The Saints went marching in ceaseless high-tempo pressing football - and earned their rewards, writes James Maw...
In FourFourTwo's Season Preview guide, we pointed out that, whenever Southampton seemed to be moving forwards, something happened off the pitch which set them back. For a brief moment in December, the fear was that history may be about to repeat itself, with executive chairman Nicola Cortese stepping down and manager Mauricio Pochettino briefly rumoured to be following him out of the club.
Fortunately for Southampton, the Argentine stayed, and the South Coast club continued to establish themselves as a respected force in the Premier League. The key now will be getting the manager to commit himself for the longer term, with speculation again rife that he could be tempted by 'new challenges' over the summer. But this season will have given him plenty of reasons to stay.
Southampton's clutch of prodigious young talent stretches further than England trio Luke Shaw, Adam Lallana and Jay Rodriguez. Midfielder James Ward-Prowse, right-back Callum Chambers and forward Sam Gallagher have all impressed in the first team this season, and that's only just scratching the surface. The players and fans have bought into Pochettino's philosophy, and the club appears to be one not only moving in the right direction, but one with everyone on the same page.
The one sticking point is the club's debt. Southampton will soon fork over £30m for a new training ground, and also owe £27m in back transfer fees, £22m of which must be paid this summer. The board have insisted there will be no fire-sale, but even if they have to cash in on one of their rising stars, European qualification still looks a realistic aim for next season.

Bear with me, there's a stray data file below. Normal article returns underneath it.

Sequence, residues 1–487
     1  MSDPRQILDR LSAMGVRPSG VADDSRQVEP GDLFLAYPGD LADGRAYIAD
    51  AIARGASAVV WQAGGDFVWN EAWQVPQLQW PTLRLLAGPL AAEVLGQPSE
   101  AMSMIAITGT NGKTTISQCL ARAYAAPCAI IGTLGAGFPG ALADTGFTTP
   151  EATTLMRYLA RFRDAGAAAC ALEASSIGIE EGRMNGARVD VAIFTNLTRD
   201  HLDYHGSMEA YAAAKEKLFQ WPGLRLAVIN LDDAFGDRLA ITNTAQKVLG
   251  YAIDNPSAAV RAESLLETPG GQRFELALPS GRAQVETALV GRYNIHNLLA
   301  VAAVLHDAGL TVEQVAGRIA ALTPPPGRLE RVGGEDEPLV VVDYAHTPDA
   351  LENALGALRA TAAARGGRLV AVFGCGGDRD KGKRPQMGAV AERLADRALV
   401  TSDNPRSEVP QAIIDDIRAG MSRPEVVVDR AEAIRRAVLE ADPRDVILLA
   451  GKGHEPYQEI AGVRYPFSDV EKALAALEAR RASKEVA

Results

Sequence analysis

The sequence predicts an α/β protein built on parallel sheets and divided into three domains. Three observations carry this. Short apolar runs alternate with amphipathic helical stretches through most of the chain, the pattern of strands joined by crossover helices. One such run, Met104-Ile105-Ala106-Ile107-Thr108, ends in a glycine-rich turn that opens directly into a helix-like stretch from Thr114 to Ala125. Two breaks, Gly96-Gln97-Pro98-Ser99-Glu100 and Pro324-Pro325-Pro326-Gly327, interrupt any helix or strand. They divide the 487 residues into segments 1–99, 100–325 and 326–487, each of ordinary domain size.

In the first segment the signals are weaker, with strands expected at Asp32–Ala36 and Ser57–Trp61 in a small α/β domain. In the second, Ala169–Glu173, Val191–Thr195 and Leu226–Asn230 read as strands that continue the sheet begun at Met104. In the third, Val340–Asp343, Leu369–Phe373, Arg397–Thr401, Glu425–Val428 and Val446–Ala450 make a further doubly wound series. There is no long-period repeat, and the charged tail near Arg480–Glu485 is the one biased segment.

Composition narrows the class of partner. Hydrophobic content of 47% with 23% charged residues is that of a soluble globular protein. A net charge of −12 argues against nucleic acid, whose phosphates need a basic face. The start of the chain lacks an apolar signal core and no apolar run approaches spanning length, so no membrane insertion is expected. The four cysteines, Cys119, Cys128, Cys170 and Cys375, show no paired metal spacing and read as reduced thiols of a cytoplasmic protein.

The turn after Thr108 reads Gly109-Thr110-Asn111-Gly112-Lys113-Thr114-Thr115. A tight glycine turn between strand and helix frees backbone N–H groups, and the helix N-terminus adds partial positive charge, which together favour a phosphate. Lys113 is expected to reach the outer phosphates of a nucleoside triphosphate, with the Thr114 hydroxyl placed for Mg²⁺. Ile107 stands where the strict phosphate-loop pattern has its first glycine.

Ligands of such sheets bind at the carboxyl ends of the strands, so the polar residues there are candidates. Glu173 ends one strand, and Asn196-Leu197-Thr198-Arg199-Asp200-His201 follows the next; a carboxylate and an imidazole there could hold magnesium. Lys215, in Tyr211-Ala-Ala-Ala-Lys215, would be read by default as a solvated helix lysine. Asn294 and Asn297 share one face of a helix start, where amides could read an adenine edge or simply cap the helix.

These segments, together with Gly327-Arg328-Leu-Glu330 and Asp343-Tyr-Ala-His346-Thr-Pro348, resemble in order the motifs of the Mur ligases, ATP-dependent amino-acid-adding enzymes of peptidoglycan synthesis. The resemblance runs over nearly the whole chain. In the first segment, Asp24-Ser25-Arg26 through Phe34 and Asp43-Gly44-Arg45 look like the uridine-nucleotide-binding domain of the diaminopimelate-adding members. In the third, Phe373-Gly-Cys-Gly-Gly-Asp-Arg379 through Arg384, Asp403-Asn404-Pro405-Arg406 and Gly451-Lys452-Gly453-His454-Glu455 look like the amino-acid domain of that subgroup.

Would they have taken this in August?
Yes. This season has represented a big step forward for the club.
Would they have taken this in January?
Probably. Although there will be a certain degree of regret about their rather limp exit from the FA Cup (a weakened Saints team lost 2-1 to a then near-useless Sunderland in the fifth round), holding on to eighth place ahead of Newcastle, Stoke and the like will still be seen as a notable victory.
September's 1-0 win at Liverpool was certainly Southampton's best result of the season, but the 4-1 win over Hull on November 9 saw the Hampshire side play some gloriously pleasing football and left them proudly sitting third in the Premier League with over a quarter of the season played.
No sooner had Saints started to dream of reaching for the stars than they were brought back down to earth with a bump. The winter of 2013/14 was particularly harsh on Southampton, with Mauricio Pochettino's side picking up just five points from the nine matches following the aforementioned rout of Hull. By the time they'd lost 3-0 at home to Chelsea on New Year's Day, they were back down in seventh.
Hero of the season
After a mixed first season in the Premier League, Adam Lallana shone far more consistently in 2013/14. The 26-year-old (who was 25 for all but the final two days of the season) chipped in with nine goals and six assists, a big improvement on the three goals and five assists of 2012/13. His form has surely won him a place in England's World Cup squad, but, worryingly for Southampton, also admiring glances from bigger clubs.
Villain of the season
Dani Osvaldo is perhaps as close as Southampton have come to a villain within their own ranks. The Argentalian forward arrived to much fanfare last summer, but only came close to justifying his club-record £12.8m transfer fee in brief flashes. A week after he scored a sensational equaliser against Manchester City, he was banned for three matches and fined £40,000 for his part in a touchline tussle at St James' Park. He was then sent packing to Juventus (hard life, we know) after allegedly instigating a training ground scrap with fans' favourite Jose Fonte.
The season in microcosm
The 3-2 defeat at Tottenham - a match which Southampton had led 2-0 - summed up how the youthful Saints had the established big-hitters worried with their expansive, attacking football, but ultimately fell behind them when squads were rotated and quality (not to mention experience) was allowed to tell. Still, an impressive showing and plenty to take from it.
B+. Vigorous young student show great promise and should look to challenge for top grades.